Viewpoint: The KCM, CEC Electricity Tussle Is The Case Of Giving Ceasar What Belongs To Ceasar

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Konkola Copper Mines (KCM) seems accustomed to receiving goods and services gratis or paying whenever it suits them. Never mind the financial effect on those entities and individuals that they don’t pay on time. The latest in this habitual ‘we will pay when we want’ attitude is the humongous debt of $132 million in unpaid electricity bills to Copperbelt Energy Corporation Plc (CEC), the company that supplies KCM with electricity. At the prevailing exchange rate, this translates to about K2.5 billion!

That is a debt KCM does not deny. In court documents filed into the Kitwe High Court on 13 May 2020 to stop CEC from going ahead to reduce power supply to the mine last week, KCM admits they owe that much money and the provisional liquidator, Mr. Milingo Lungu, is reported, in a local daily, to have said that the CEC debt issue was complicated. It would have been good for Milingo to have explained exactly what is complicated about paying for a service you have received according to contract and seemingly in good order for a year.

Some very basic analysis of KCM’s own words shows that for the whole year that Milingo has been in charge of that business, whatever his mandate is, he has not paid for power because KCM states that it owed CEC $46.465 million before the liquidation process started and also that this is the exact same amount of money they paid CEC between October and December 2019. From our understanding, this was done in an arranged debt swap where the Zambia Revenue Authority (ZRA) which owes KCM refunds for valued added tax (VAT) paid KCM, which owes CEC, a portion of those refunds and CEC paid ZESCO the same amount of money that came from ZRA. Simply put, in all the time Milingo has been looking after the affairs of the country’s largest single power consumer, he has not paid for power.

The question is, what has he been paying for? There have been a lot of rosy stories from Milingo himself, other government officials and even some purported supplier representatives regarding the good performance of KCM in terms of liquidating debt and paying suppliers on time. Without question, those suppliers don’t include CEC!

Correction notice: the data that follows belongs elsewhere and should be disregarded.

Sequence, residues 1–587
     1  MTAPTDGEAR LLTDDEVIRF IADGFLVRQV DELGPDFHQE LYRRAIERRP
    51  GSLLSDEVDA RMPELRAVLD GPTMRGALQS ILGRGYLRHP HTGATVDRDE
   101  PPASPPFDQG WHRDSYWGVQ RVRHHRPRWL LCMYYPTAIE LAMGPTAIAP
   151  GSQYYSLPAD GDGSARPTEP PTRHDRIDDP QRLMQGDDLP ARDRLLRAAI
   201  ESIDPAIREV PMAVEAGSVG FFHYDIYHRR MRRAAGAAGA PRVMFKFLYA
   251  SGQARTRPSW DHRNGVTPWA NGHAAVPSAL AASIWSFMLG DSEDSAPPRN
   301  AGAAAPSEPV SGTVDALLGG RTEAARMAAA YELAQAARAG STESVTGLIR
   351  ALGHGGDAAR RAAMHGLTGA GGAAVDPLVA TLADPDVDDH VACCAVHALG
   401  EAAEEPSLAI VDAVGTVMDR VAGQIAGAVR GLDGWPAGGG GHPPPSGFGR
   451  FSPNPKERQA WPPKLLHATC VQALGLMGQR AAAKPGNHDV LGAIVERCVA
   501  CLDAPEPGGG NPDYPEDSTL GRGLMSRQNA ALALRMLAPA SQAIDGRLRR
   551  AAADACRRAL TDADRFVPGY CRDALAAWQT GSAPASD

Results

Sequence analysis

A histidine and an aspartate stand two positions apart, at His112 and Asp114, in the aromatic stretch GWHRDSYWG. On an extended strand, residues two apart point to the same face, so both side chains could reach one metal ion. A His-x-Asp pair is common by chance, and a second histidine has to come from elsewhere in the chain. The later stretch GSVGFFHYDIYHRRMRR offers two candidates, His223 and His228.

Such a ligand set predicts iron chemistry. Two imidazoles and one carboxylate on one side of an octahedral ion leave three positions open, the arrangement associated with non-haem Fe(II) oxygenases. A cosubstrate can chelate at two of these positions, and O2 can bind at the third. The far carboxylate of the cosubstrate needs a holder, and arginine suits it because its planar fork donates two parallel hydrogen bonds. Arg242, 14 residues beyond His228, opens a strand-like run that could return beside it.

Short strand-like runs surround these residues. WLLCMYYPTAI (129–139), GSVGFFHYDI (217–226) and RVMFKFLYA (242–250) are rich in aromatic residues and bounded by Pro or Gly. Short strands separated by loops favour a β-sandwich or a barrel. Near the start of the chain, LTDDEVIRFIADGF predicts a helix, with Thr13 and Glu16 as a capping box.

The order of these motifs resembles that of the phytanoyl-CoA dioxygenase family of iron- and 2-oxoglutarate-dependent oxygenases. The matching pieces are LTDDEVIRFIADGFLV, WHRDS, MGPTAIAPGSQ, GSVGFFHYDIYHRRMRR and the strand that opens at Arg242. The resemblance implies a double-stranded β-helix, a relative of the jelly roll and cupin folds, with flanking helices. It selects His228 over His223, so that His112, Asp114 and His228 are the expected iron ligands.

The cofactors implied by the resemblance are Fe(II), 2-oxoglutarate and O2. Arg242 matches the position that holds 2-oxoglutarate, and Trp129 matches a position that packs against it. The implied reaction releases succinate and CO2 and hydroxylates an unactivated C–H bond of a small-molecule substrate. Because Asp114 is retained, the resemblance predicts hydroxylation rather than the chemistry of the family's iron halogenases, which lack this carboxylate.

Considering that power is the mine’s most important input, one would think that KCM would prioritize paying their supplier of power to avoid a situation they claim would cause irreparable damage to the mine. Why would you risk “irreparable damage” to an operation when you know fully well what would happen?

Is it because there’s a deliberate plot to somehow trap CEC and force it to act or not act in a certain way which would have them fall into some grand plan? If they press for payment and take measures to recover the debt, they give the government an excuse to take over the assets or something like that under the guise of undermining the national interest and being unsupportive of government. If they choose to bear the pain and loss, they are weakened and lose value. Either way, it’s clear to see who comes out the loser ultimately.

KCM under Milingo Lungu has no good or noble intentions towards CEC and by extension Zambia because he surely must understand the critical role the company plays in the energy industry, an industry that is already failing to adequately serve the needs of the population and needs all the private investment and participation it can attract. It would, therefore, seem quite obvious to the people in the political and economic leadership of this country that CEC should not be strangled because it’s existence in the electricity industry and the economy in general is much bigger than what short-sighted people would want us to believe for their own selfish gain.

Authored by Chilambwe Kalunga


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